In the seismic annals of California, Monday's magnitude 4.7 earthquake was little more than a footnote. It gave Southern California a small morning jolt but caused no damage and was largely shrugged off by noon.
But in one important way, the quake was highly significant because it marked an advance in California's burgeoning earthquake early warning system.
The quake struck in the desert town of Anza, about 35 miles south of Palm Springs, and hundreds of sensors embedded in the ground immediately sent an alert to seismologists at Caltech in Pasadena. They had 30 seconds' warning before the quake was felt there.
"It was right," said Kate Hutton, a Caltech seismologist. "I sat really still to see if I could feel it and it worked."
The system has been in place for more than a year. But Monday's quake offered a rare opportunity to actually see — and feel — whether it worked.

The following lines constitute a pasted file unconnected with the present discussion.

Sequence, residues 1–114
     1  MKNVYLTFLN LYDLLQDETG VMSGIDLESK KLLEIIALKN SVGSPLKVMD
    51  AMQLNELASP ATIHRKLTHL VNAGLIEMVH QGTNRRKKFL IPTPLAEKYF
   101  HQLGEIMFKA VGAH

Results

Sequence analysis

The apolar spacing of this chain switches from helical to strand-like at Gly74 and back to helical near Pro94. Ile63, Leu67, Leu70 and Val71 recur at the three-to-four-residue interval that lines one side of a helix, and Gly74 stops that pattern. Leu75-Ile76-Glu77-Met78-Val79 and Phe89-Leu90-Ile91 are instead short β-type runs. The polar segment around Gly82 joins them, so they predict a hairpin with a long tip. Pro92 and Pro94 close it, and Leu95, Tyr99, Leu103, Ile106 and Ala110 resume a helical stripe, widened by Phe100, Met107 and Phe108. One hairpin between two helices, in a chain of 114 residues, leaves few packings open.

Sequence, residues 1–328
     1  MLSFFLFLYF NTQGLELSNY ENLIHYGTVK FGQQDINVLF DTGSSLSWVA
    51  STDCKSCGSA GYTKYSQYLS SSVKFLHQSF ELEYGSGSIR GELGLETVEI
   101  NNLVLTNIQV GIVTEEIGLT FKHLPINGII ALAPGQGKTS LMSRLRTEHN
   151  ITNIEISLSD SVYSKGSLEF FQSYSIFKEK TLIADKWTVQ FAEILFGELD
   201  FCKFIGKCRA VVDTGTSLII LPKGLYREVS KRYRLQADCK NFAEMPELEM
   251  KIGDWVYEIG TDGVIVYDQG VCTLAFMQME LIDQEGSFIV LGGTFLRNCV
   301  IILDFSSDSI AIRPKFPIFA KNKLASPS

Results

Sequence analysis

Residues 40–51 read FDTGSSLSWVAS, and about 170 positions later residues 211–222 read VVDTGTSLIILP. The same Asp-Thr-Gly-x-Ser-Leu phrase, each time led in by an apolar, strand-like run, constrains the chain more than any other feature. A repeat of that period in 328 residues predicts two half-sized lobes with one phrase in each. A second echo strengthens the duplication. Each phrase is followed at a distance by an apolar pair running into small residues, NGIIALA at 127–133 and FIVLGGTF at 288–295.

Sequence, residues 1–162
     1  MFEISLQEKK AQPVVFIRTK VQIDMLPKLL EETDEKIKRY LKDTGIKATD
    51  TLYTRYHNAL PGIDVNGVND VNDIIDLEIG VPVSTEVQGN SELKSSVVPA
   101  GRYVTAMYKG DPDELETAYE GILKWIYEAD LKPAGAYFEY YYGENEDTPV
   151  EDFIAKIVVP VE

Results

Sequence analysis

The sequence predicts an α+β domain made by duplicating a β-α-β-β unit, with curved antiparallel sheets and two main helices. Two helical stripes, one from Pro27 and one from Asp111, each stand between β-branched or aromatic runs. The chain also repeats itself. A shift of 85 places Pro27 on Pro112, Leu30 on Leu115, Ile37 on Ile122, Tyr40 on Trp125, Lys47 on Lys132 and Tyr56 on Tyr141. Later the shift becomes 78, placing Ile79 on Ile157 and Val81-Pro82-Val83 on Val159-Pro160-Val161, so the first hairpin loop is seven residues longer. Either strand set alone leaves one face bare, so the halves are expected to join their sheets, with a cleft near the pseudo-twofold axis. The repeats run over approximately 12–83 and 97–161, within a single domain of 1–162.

The sensors have warned scientists of numerous quakes, but the vast majority were either too small to feel or too far away to be felt in the Los Angeles area. For example, the sensors gave an early warning of several magnitude 5 quakes last year in Imperial County, but the temblors hit too far away for them to be felt in L.A.
The Anza quake was different.
Even though it measured only magnitude 4.7, its location on solid granite made the shaking stronger and more widespread. People reported to the U.S. Geological Survey that they felt it as far away as Arizona and Central California. At Caltech, computer screens flashed with a 30-second countdown to when the shaking would hit Pasadena. Sure enough, it came on time.
Hutton and others declared the test a success, with some caveats.
The system initially overestimated the quake's magnitude, saying it was 5.2.
The earthquake early warning system is a pilot project for what scientists hope will eventually be a statewide network using thousands of sensors to notify people about imminent shaking from moderate to strong earthquakes.
Backers say an early warning would give utilities time to shut down, trains a chance to slow so they don't derail and workers a chance to move away from hazardous materials or precarious positions. Warnings would be sent to the public through text messages, emails and other special alerts.more